wilderthan: ((Mitsuru) Angry)
[personal profile] wilderthan
I love Ursula Le Guin's writing a lot. Gifts is a YA book, technically, but it doesn't have to be just for young people. It's a lovely story, like a fairy tale, and it's very easy to read, but that doesn't mean it's not worth reading for people who are older. The main character is a young boy, but the emotions of other characters, like Orrec's father, are there and it's important to understand them and try to identify with them. And Ursula Le Guin's writing is simple and lovely, easy to read but also bewitching. I love her Earthsea books more than I liked Gifts, but Gifts is something different -- no epic quest, mostly just a boy coming to understand himself, and to some extent, his father.

I like the way the chosen blindness is explored. I love reading about blindness in fiction and this is something that's maybe more interesting -- voluntary blindness. I like the character of Gry, perhaps even more so because when Orrec wanders around with his eyes blindfolded, she blindfolds herself for a day to try and understand him. And the friendship between her and Orrec is left to grow quietly -- I don't feel like Le Guin intrudes and forces them together, only that it seems natural when they do get together.

The descriptions of Orrec's mother's death are painfully real. The metaphor of the sandstorm not being able to pick him up and whirl him past that part of the story, and the way he withdraws... Sometimes I felt he was just a little too inactive to be really, really interesting, and I liked Gry for trying to push him out of a it a little, but it's also understandable considering his circumstances.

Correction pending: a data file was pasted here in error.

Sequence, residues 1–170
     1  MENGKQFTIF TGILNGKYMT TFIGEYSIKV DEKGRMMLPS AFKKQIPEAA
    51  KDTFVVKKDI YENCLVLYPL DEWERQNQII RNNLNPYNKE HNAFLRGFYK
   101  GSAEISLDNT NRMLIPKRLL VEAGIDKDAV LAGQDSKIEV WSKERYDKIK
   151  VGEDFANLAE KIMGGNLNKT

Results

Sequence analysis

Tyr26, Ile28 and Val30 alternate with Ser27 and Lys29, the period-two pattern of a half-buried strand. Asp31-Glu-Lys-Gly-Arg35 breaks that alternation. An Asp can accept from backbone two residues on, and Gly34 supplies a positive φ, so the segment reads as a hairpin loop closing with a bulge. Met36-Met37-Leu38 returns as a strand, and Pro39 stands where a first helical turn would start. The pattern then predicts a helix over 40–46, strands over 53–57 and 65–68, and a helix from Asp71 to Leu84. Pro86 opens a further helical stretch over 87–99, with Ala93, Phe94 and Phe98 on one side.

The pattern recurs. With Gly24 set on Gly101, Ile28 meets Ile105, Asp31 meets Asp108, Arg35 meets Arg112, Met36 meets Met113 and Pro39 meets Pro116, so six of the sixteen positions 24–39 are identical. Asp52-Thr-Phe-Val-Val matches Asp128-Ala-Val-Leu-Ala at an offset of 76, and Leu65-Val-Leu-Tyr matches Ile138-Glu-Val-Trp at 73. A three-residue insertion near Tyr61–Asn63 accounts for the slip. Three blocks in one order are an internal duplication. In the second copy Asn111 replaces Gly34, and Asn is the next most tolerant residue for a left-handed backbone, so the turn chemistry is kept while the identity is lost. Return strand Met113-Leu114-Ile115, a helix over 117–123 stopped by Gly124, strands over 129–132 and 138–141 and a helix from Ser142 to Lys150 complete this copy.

The end feels abrupt, but then, it ends on a quietly lovely note, and I assume that the next book picks up on at least some of the threads from Gifts. I'm looking forward to finally reading the rest of the trilogy -- I first read Gifts when it was first out, I think, and didn't rush to get hold of Voices and Powers.

As for what the book explores -- since Ursula Le Guin usually seems to have something in mind to explore... it's not as obvious as in some of her books. Family relationships are important, and expectations, and I like the idea that someone else mentioned, that the gifts they have, unmaking or calling animals or whatever, are an analogy for things like engineering and aspects of science that get misused. The fact that the gifts grew out of healing and working with animals, and the way Gry refuses to use hers wrongly, might be another of Ursula Le Guin's lessons. Either way, her 'agenda' is subtle in this book -- you can read it just as a story, if you wish.


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October 2013

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